Cases reported "Alexander Disease"

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1/3. Infantile alexander disease: a GFAP mutation in monozygotic twins and novel mutations in two other patients.

    alexander disease (AD) is a rare disorder of cerebral white matter due to a dysfunction of astrocytes. The most common infantile form presents as a megalencephalic leukodystrophy. Recently, heterozygous de novo mutations in the glial fibrillary acidic protein gene (GFAP) have been demonstrated to be associated with AD. We report heterozygous mutations in GFAP in 5 patients, including a pair of monozygotic twins, with clinical and neuroradiological features of infantile AD. Novel mutations were detected affecting nucleotides 304 T --> C (L97 P) and 730 G --> C (R239 P) in two other patients. None of the parents of our patients carried the mutations stressing dominant de novo mutations as the cause of AD. The presence of an identical mutation 250 G --> A (R79 H) in both monozygotic twins with infantile AD points to the origin of these GFAP mutations in germ cells or very early postzygotic stages.
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keywords = astrocyte
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2/3. Early cerebral images of alexander disease: report of one case.

    alexander disease is a neurodegenerative disorder characterized pathologically by demyelination and accumulation of eosinophilic hyaline bodies (Rosenthal fibers) within astrocytes. Demonstration of Rosenthal fibers on histological examination is considered a prerequisite for a definitive diagnosis. However, the CT and MRI scans may be highly suggestive of the disorder. We describe a patient who presented with subtle seizures at the age of 4 months. On examination, he was floppy with evident head lag. There was no visual following or social smiling. At that time, the brain MRI showed abnormal findings, with more white matter involvement and a characteristic periventricular rim. A diagnosis of alexander disease was not made until he was one year old, when a repeated MRI showed the full-blown pictures typically seen in alexander disease. The images fulfilled the diagnostic criteria proposed by van der Knaap in 2001. The early brain MRI findings in alexander disease can be very characteristic and greatly different from those in the late stage.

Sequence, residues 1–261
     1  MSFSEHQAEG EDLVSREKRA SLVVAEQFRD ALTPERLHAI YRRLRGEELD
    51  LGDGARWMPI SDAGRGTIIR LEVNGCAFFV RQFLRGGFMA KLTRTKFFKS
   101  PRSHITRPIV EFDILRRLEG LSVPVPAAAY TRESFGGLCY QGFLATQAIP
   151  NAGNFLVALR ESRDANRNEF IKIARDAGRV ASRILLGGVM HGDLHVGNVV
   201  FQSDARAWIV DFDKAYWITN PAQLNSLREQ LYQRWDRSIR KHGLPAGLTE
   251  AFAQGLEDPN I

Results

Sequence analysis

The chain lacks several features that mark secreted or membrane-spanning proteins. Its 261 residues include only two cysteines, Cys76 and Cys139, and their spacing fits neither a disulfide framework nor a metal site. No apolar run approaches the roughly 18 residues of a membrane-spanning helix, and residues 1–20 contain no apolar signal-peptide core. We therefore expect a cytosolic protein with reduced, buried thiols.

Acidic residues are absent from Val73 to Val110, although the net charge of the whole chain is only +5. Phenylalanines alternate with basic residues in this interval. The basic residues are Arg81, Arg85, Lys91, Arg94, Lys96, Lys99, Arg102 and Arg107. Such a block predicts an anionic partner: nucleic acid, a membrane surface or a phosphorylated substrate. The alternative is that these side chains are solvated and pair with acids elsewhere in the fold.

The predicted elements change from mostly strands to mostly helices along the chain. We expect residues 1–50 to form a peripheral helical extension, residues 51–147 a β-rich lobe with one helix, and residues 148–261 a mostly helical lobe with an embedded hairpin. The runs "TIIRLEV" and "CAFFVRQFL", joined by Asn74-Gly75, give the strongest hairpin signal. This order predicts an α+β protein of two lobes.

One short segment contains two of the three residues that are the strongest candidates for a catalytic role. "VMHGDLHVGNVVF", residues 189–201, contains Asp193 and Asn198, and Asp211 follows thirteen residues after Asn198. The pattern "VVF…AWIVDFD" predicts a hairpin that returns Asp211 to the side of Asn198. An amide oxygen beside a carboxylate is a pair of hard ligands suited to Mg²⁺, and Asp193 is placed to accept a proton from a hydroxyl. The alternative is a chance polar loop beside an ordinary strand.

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keywords = astrocyte
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3/3. Rosenthal fiber encephalopathy in a dog resembling alexander disease in humans.

    A young male Bernese mountain dog presented with neurologic abnormalities consisting of nonambulatory tetraparesis, generalized tremors, and depressed mental status. At necropsy only a mild enlargement of the lateral ventricles was seen. The histologic examination revealed the presence of eosinophilic deposits consistent with Rosenthal fibers (RFs) throughout the white matter of the central nervous system. There was also a marked proliferation of abnormally large astrocytes and limited myelin changes. RFs were most prominent in perivascular, subpial, and subependymal areas, where they were perpendicularly located, producing a pallisaded arrangement. Immunohistochemically, RFs were strongly positive for glial fibrillary acidic protein (GFAP), and when they were examined ultrastructurally they appeared as electron-dense amorphous masses located within the processes of astrocytes, most particularly in the perivascular feet. The histologic and immunohistochemical findings of this canine case were consistent with the published neuropathologic descriptions of alexander disease in humans and in a few dogs, a rare condition that in humans has been shown to be caused by dominant mutations in the GFAP gene.
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keywords = astrocyte
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